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You, like so many other DAM managers out there, are a team of one or few. Every week you’re working hard to add more assets to your digital asset management (DAM) system, improve data quality, and help users, while also being asked to fix another problem, onboard new users, run another audit, or start another project. There is also a laundry list of improvements you want to make, if you can ever find the time.

We know where you are. It constantly feels like there are not enough resources to do the minimum, much less the additional projects you’re tasked with.

Securing budget for DAM

The DAM world is evolving: marketing teams need better insights, creatives want faster workflows, and leaders are pushing for higher ROIs. And in some cases, leadership might not always see the immediate value of the DAM, or why you need even more budget to support it. They want to see more impact. It falls on you to deliver, but you can only do so much with limited staffing and budget. Depending on where you are in your DAM journey, you may be in a place where:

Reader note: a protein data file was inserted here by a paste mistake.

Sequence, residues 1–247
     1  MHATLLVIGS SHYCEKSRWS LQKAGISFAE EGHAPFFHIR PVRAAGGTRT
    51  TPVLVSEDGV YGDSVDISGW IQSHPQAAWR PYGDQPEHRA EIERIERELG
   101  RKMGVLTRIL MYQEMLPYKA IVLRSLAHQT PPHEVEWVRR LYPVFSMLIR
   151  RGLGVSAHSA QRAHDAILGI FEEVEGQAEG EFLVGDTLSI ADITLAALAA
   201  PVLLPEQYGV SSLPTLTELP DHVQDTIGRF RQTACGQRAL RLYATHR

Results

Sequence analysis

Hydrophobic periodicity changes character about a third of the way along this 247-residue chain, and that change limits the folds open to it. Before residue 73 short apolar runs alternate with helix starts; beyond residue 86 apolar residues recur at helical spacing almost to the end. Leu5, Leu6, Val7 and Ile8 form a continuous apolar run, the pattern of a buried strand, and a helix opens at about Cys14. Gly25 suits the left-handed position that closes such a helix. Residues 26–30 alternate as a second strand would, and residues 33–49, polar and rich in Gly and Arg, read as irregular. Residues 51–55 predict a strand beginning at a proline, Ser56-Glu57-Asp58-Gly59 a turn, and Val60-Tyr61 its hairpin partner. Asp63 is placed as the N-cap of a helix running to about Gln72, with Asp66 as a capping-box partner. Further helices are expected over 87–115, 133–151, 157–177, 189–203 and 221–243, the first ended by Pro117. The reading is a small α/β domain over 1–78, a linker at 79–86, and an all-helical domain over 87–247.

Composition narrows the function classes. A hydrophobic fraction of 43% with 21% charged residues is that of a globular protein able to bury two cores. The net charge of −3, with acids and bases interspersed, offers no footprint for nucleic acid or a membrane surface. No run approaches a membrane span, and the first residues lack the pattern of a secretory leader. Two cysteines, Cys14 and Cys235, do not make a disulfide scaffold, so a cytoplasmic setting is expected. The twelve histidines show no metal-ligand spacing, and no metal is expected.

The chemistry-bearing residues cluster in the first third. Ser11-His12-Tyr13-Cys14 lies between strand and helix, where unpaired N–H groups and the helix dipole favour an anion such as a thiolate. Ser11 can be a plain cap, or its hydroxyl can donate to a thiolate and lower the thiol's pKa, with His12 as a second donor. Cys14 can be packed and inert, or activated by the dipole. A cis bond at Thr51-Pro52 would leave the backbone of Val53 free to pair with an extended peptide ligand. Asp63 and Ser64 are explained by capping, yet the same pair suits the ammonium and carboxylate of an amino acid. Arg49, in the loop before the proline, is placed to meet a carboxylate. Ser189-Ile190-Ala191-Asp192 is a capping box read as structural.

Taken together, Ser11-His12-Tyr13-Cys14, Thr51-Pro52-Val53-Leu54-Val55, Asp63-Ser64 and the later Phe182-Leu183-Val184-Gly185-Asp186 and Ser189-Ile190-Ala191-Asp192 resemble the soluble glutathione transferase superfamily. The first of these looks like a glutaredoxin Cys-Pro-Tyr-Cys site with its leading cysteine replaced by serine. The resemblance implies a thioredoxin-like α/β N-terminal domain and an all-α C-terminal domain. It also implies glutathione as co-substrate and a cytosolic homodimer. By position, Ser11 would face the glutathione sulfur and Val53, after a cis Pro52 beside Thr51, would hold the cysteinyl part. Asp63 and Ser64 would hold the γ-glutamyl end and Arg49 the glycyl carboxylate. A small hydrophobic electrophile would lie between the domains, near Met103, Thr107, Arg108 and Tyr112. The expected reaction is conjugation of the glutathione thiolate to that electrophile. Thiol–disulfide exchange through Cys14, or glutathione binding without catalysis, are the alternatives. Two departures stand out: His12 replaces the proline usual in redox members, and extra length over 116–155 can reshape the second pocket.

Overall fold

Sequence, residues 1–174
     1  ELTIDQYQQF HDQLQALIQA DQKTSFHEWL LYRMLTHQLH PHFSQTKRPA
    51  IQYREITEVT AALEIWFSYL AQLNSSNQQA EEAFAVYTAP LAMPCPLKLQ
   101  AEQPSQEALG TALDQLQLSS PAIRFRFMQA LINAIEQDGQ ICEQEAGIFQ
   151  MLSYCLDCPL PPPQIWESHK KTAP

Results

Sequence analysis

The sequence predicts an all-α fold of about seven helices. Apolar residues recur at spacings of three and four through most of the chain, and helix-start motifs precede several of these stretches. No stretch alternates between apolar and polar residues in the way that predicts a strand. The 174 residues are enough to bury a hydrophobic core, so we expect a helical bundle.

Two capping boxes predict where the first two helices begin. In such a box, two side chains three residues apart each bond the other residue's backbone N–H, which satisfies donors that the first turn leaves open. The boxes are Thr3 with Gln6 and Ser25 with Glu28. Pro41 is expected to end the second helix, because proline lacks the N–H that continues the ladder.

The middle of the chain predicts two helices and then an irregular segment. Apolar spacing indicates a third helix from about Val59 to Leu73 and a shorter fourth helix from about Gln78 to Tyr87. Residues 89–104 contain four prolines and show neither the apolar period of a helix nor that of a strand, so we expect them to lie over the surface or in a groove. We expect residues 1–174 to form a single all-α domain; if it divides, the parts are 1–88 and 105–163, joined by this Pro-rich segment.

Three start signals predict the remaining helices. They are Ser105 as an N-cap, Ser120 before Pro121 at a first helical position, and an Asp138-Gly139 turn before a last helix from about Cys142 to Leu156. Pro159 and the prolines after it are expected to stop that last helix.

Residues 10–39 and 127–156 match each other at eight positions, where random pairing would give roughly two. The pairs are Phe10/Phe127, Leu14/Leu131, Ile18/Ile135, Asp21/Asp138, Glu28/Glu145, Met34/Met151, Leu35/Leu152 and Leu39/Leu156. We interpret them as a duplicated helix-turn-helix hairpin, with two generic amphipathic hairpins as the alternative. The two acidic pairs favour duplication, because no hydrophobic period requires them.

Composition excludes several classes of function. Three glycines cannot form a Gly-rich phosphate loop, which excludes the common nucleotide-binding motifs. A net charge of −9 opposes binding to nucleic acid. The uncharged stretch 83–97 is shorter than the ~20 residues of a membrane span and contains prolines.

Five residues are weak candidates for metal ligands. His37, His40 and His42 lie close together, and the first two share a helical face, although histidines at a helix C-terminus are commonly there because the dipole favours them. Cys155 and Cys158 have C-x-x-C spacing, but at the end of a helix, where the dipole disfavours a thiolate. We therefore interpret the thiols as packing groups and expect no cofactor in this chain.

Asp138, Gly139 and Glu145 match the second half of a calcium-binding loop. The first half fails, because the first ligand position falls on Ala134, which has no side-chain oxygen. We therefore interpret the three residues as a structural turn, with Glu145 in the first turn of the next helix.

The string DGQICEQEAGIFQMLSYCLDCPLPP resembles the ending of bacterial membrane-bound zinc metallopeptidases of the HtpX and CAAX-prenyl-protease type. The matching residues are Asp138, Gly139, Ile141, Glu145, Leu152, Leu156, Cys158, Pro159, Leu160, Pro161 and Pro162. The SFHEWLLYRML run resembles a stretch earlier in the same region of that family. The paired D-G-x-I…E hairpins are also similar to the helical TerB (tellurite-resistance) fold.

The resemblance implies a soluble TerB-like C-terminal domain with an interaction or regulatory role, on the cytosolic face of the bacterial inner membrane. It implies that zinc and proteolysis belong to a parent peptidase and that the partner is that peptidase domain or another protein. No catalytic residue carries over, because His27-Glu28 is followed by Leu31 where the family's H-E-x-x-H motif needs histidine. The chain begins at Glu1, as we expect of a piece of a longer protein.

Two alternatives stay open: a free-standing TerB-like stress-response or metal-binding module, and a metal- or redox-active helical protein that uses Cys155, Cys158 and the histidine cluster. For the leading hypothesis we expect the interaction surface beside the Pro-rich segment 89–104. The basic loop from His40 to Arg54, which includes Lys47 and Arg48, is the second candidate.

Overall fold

• You’ve outgrown your current solution (Dropbox, Box, Google Drive, hard drives, etc)
  • Your DAM has launched, but it needs more resources to scale
  • Your legacy DAM is no longer meeting the requirement of the business or it can’t scale

When you ask for resources to help solve the problem, it’s crickets. The budget is just not there.

You should know you’re not alone. It can be notoriously difficult for DAM managers to get the budget they’re asking for, because the ROI is not always clear (or easy to calculate).

We’re here to help. No, we can’t give you a magic wand to conjure up a budget that doesn’t exist. But we can certainly help you maximize your chances of getting the ‘yes’ for that next budget pitch you’re making to your leaders.